And so, my dearest Paulinus [who was at the time a high official in Rome], tear yourself away from the crowd, and, too much storm-tossed for the time you have lived, at length withdraw into a peaceful harbour. Think of how many waves you have encountered, how many storms, on the one hand, you have sustained in private life, how many, on the other, you have brought upon yourself in public life; long enough has your virtue been displayed in laborious and unceasing proofs—try how it will behave in leisure. The greater part of your life, certainly the better part of it, has been given to the state; take now some part of your time for yourself as well. I do not summon you to slothful or idle inaction, or to drown all your native energy in slumbers and the pleasures that are dear to the crowd. That is not to rest; you will find far greater works than all those you have hitherto performed so energetically, to occupy you in the midst of your release and retirement.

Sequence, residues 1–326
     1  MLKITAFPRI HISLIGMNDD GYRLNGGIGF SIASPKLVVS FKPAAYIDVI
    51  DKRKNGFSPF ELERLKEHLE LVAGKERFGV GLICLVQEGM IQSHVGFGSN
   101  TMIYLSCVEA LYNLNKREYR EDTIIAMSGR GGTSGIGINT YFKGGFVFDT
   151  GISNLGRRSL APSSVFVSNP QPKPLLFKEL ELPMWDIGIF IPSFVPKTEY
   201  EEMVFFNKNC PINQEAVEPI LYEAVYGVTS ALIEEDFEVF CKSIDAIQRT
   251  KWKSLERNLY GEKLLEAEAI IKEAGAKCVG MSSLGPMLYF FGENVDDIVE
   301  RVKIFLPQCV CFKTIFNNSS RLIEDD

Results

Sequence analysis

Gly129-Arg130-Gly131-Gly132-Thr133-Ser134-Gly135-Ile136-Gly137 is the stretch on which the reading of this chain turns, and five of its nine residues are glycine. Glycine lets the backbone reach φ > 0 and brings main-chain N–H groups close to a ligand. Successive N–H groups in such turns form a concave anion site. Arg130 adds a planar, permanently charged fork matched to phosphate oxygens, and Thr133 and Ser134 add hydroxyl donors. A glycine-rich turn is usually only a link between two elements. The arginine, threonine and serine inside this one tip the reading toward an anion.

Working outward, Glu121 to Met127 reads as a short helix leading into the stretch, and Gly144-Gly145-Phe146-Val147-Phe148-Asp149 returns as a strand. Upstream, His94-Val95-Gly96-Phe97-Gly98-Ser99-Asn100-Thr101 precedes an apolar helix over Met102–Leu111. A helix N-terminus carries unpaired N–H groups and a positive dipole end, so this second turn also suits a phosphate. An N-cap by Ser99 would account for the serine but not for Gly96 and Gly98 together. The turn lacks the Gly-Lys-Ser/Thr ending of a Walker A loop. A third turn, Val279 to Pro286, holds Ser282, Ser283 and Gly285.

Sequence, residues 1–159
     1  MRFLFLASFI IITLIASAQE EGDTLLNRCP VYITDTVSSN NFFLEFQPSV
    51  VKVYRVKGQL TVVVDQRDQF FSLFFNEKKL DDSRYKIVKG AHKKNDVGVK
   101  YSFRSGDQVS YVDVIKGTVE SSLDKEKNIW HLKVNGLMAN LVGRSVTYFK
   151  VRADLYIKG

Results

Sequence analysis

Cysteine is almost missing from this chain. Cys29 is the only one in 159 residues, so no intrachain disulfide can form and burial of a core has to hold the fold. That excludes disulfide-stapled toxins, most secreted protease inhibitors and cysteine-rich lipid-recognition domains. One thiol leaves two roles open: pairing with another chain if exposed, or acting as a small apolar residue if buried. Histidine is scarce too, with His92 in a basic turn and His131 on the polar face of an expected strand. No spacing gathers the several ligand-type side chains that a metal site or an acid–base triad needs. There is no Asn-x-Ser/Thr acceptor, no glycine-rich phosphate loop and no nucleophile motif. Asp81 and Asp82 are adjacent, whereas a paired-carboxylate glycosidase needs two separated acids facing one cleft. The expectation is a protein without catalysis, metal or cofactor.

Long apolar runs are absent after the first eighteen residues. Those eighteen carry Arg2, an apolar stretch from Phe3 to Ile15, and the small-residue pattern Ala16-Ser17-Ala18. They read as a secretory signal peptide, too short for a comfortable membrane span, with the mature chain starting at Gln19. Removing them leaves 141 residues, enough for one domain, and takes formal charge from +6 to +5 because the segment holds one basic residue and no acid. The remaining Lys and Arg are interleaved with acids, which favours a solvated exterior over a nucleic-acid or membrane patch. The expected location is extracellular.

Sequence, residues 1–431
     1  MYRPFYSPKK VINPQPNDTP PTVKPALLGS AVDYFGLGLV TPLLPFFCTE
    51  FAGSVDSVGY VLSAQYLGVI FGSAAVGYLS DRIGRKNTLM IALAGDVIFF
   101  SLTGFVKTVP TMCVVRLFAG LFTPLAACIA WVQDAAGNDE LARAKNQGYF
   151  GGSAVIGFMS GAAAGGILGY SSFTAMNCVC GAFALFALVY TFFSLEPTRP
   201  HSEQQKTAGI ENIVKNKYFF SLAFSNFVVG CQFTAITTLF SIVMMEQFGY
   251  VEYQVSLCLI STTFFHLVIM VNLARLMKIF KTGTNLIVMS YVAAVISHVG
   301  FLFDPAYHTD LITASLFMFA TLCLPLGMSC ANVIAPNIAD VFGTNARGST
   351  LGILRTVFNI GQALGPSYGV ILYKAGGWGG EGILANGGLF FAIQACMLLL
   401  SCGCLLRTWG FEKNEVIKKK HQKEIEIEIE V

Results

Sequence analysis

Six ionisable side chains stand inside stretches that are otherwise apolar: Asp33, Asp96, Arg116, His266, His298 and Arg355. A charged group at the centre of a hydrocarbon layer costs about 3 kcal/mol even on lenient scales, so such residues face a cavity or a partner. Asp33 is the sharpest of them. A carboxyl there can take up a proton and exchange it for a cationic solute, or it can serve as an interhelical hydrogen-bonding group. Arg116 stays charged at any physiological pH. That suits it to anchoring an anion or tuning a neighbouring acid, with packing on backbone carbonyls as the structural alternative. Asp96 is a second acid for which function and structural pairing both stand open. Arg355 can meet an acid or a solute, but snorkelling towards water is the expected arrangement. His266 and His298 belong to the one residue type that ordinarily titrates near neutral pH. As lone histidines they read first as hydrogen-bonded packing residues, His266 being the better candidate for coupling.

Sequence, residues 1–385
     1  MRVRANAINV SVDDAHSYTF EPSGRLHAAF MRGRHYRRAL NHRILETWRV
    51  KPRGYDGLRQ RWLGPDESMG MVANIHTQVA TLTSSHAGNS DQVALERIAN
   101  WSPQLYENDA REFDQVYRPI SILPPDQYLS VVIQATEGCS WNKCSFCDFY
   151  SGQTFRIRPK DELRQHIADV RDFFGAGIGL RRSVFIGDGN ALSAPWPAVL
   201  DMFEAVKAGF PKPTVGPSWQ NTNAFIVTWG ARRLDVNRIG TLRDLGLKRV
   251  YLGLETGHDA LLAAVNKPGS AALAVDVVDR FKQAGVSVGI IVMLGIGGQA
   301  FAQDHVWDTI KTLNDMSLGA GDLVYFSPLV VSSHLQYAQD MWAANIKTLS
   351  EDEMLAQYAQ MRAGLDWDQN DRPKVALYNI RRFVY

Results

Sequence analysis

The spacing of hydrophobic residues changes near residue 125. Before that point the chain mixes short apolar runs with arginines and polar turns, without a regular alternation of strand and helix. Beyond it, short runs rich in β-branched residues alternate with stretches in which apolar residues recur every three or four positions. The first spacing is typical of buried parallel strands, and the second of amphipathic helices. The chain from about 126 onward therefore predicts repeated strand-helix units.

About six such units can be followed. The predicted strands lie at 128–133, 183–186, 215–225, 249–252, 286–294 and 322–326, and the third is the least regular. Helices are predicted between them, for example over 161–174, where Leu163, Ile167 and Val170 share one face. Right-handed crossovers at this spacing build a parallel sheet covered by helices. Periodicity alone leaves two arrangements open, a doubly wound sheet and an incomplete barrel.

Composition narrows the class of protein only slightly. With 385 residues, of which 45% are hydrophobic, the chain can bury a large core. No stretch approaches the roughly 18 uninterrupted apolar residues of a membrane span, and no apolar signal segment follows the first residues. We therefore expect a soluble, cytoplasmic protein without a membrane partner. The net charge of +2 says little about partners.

But it’s also a vision that is philosophical:
Of all men they alone are at leisure who take time for philosophy, they alone really live; for they are not content to be good guardians of their own lifetime only. They annex every age to their own; all the years that have gone ore them are an addition to their store. Unless we are most ungrateful, all those men, glorious fashioners of holy thoughts, were born for us; for us they have prepared a way of life.